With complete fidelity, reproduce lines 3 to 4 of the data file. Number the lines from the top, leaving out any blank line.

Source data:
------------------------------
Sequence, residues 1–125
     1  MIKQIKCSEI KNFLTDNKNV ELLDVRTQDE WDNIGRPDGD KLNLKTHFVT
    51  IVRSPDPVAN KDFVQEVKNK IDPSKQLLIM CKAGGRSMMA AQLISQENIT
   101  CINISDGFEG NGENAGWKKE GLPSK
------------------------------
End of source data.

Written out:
    51  IVRSPDPVAN KDFVQEVKNK IDPSKQLLIM CKAGGRSMMA AQLISQENIT
   101  CINISDGFEG NGENAGWKKE GLPSK